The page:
Futrex System 21 | Technology
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Technology

In an industry characterized by incremental advances, System 21 is a comprehensive and innovative “system re-design” to improve rail transit performance. In the early 1970’s, a team of aerospace engineers at Lockheed Missiles and Space Company set out to overcome the principal challenges to more widespread installation of rail transit systems—high capital costs, lengthy and disruptive construction periods, significant environmental intrusion, and limited operating capabilities.  The Lockheed team developed a breakthrough design, now known as the System 21 monobeam, deriving its name from its elevated guideway which provides for 2-way traffic on 1 slender beam.  This pragmatic, but innovative, concept successfully addressed the principal design challenges identified by the Lockheed team:

To Overcome High Capital and Construction Costs:

  • A single, slender guideway that requires much less material content
  • Elevated system to minimize right-of-way acquisition
  • Standardized, modular construction vs costly, custom installation
  • Relatively easy, rapid installation of standardized, prefabricated guideway components
  • Existing, off-the-shelf system components

To Overcome Community and Environmental Intrusion:

  • Slender, elevated guideway above surface congestion
  • Compact, aerial structures do not obstruct sunlight and views or divide neighborhoods
  • Significantly reduces right-of-way easements and property condemnation

To Overcome Operating Limitations:

  • Separated, bi-directional traffic on a single guideway
  • Unique grade-separated switch for branching and networks
  • Compact, 90-foot (30-meter) turning radius
  • Lightweight design for versatility
  • Guideway structures can be re-located and re-used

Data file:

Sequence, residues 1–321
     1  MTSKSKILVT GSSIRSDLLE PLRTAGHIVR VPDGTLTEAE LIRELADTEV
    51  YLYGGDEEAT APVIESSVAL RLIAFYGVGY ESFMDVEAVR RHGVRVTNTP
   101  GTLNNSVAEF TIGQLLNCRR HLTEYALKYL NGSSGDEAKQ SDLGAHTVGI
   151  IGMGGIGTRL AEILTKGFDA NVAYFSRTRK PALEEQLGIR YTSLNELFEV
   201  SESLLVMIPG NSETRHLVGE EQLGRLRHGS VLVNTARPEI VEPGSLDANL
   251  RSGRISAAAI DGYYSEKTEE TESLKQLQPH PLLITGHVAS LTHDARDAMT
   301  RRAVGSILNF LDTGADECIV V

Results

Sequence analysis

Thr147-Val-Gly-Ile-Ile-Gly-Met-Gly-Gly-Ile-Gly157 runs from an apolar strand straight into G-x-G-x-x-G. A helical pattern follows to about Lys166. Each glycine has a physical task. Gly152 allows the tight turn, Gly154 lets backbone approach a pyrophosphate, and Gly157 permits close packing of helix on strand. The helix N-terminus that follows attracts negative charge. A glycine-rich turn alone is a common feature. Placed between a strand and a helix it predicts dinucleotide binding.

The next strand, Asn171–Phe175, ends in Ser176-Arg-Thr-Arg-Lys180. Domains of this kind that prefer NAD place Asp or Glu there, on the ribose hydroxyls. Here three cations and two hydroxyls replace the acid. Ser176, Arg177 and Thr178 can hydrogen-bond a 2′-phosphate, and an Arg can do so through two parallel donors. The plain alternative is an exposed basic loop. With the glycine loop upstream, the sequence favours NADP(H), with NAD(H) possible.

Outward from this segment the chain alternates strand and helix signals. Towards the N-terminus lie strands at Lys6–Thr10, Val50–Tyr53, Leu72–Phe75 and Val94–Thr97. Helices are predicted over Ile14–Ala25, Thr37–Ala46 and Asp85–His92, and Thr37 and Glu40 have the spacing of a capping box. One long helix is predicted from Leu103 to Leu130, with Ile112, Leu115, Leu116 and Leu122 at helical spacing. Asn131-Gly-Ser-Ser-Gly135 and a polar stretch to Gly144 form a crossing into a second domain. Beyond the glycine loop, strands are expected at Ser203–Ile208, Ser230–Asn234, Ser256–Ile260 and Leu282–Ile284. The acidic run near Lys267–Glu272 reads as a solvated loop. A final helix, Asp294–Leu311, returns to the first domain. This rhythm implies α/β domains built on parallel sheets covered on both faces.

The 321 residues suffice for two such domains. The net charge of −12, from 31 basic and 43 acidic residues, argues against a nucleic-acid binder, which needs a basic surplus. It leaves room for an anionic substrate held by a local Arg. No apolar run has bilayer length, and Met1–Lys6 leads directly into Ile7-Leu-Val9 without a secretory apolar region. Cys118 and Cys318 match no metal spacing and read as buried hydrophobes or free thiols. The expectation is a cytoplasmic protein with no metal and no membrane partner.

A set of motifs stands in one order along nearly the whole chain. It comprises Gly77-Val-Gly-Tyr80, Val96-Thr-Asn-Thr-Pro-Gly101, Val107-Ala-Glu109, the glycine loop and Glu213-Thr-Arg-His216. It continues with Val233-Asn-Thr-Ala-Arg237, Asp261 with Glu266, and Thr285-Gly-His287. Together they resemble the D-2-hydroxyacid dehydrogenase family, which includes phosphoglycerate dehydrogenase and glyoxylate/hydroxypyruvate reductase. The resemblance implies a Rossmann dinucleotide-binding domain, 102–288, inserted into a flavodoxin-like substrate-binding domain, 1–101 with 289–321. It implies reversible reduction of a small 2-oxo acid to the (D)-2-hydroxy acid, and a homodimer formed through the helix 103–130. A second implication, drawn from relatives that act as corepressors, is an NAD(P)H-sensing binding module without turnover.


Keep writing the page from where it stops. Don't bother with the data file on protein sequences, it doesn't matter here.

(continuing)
Because of its world class potential, FUTREX leadership has always endeavored to bring the best expertise and innovative thinking to its design, engineering and development.  The principal design engineer left Lockheed in 1974 with documented rights in the System 21 technology and continued to refine the design until 1986, when he founded FUTREX. The technology package of designs, engineering drawings, patents and trademarks were transferred to the new corporation. During Phase I of the technology’s development (1971-1994), the System 21 concept was subjected to engineering evaluation and technical validation from a wide spectrum of leading transportation engineers, academics, scientists and potential customers. These assessments, including studies by Battelle Memorial Institute and the U.S. National Bureau of Standards, consistently confirmed the feasibility of System 21’s design and its industry potential.

In Phase II (1995-1996), FUTREX and its consortium constructed and evaluated an operating, quarter-scale model/prototype of System 21, which proved the concept, attracted public and industry support and generated market interest worldwide. The Phase II project also validated the Company’s commitment to employing a consortium of leading firms in System 21’s development.  These firms included Battelle, DMJM+HARRIS (now AECOM) and Powers Design International.  The project evaluation conducted by Battelle confirmed a validation of the System 21 design and positioned FUTREX to move forward with full-scale development.  The Company began Phase III in 1997 with a focus on financing, engineering and demonstrating a full-scale prototype of System 21, a project estimated to require three years and $40 million.  This focus was driven by the conclusion that a full-scale demonstration was required to overcome traditional industry requirements for “proven” technology and to become eligible for Federal and local installation financing.  An additional $6.2 million in Federal matching grants for full-scale development was committed and alternative prototype sites were identified.  The Company also added two leading firms to its consortium for Phase III, Gangloff, AG for vehicle design and production and SYSTRA, Inc. for the critical systems integration role.  FUTREX and its team identified tasks, milestones, budgets and schedules for the three-year project. During this period, the System 21 technology was reviewed favorably by two State transportation agencies and a major U.S. airport as a preferred transit solution when fully developed.